Home »  News »  World

Polls back Democrats five days before US vote

Thursday, 2 November 2006 - 5:40pm IST | Agency: AFP
The final New York Times/CBS News poll before next Tuesday's elections showed only 29 per cent of US voters approved of the way Bush is managing the war.

WASHINGTON: The battle to control the US Congress entered the final stretch Thursday as another poll showed the Democrats likely to benefit from voter anger over the Iraq war.   


President George W Bush and other Republican leaders took advantage on Wednesday of an embarassing gaffe by Democratic Senator John Kerry to attempt to paint him and others in the party as unsupportive of US soldiers.   


Nervous that Kerry's "botched joke" could cost them at the ballot box, other Democrats prodded him to apologise Wednesday and to refrain from helping them campaign.   


But a new opinion poll released on Thursday showed most voters still faulting the Bush administration over the war in Iraq and backing the Democrats' effort to wrest back control of Congress.   


The final New York Times/CBS News poll before next Tuesday's elections showed only 29 per cent of US voters approved of the way Bush is managing the war, matching the nadir of his ratings in a May-June poll. 


 While their national poll does not indicate the outcome of specific district and state races for the House and the Senate, the Times said that 52 per cent of registered voters interviewed said they would vote for Democrats, while only 33 per cent said they planned to support Republicans.   


Among independent voters, considered a key to how the vote goes, 50 per cent said they would back Democrats, compared with 23 percent for Republicans.   


While Bush is also not running, his overall approval rating at 34 per cent is believed to reinforce the view that Republicans could be hit with a significant setback on Tuesday.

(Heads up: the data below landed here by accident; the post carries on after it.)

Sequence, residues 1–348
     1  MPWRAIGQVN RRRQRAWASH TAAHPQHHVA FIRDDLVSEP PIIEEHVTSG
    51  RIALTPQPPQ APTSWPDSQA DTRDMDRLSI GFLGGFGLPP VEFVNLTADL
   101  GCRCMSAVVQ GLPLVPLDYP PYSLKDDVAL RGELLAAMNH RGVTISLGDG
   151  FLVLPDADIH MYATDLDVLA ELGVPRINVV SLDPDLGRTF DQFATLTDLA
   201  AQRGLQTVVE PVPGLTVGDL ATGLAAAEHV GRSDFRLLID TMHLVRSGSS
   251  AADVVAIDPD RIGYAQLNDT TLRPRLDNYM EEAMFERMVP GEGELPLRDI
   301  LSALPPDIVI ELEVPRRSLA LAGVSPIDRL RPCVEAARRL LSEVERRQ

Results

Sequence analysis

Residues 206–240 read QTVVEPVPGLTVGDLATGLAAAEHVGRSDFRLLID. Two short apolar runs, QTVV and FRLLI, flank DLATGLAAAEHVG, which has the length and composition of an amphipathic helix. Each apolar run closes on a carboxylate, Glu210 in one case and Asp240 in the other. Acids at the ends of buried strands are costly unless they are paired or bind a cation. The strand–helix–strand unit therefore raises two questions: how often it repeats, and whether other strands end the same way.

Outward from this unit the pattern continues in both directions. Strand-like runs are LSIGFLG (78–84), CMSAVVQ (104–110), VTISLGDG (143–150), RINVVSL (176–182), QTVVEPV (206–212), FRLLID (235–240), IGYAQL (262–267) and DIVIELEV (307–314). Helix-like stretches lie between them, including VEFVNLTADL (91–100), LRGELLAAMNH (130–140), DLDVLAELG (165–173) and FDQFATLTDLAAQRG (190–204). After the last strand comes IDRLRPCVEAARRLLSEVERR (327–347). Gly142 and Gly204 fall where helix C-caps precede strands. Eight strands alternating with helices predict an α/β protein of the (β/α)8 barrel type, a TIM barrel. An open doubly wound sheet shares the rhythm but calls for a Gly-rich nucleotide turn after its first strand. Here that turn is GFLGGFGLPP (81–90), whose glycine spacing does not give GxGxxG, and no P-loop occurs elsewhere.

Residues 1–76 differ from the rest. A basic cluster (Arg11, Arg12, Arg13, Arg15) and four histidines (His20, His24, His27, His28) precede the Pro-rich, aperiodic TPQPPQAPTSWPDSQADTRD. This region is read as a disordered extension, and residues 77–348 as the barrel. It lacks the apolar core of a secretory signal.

The 34 per cent was nine points below where Bush's predecessor, Bill Clinton, was in October 1994, when Republicans seized control of the House in a monumental shift of power.   


The Times/CBS poll yielded roughly the same results as a Wall Street Journal/NBC television survey released on Wednesday. In that poll, registered voters favored Democrats 52 per cent to 37 per cent over Republicans.   


The poll found 54 per cent of voters saying it had not been worth the human and economic price to remove former Iraqi dictator Saddam Hussein from power.   


Both polls, however, were taken before the Kerry gaffe, and so neither could gauge how the episode might affect voters.   


Democrats are poised to wrest control of the House of Representatives from Republicans, and possibly the Senate as well. They need to gain a net 15 seats out of 435 in play to control the House, and a net six seats out of 33 up for grabs to dominate the Senate.   


A Democrat victory in both houses could hobble Bush for the last two years of his presidency, but it could also paralyse Congress, analysts said.   


Bush was to appear in two western campaign rallies on Thursday while his rival in the 2004 presidential race Kerry -- chastised by his own party for his faux pas -- withdrew from campaigning to contain the damage to Democratic candidates. In a speech on Monday, Kerry joked that Americans who neglect their education would "get stuck in Iraq." While the Vietnam veteran said he was referring specifically to Bush, Republicans said he insulted US troops in Iraq.   


Democrats hoped Kerry's apology would prevent the remarks from losing votes for party candidates.   


"Now that Senator Kerry has apologised, we can move on to the real issue, which is this administration's mismanagement of the war in Iraq and the need to go in a new direction," said Democratic Representative Marty Meehan on CNN television.   


While national polls suggested that the US involvement in Iraq was the main issue of the campaign, the Washington Post reported on Thursday that at least 15 Republican seats in the House were in jeopardy due to a slew of corruption scandals. These included the influence-peddling case of Republican super-lobbyist Jack Abramoff and the alleged cover-up of Republican Representative Mark Foley's sexual advances on underage male Congressional aides.   


"So many different kinds of scandals going on at the same time, that's pretty unique," said congressional historian Julian Zelizer, quoted by the Post. Zelizer called the number of recent scandals, most of them involving Republicans, "almost overwhelming".   




Jump to comments

RELATED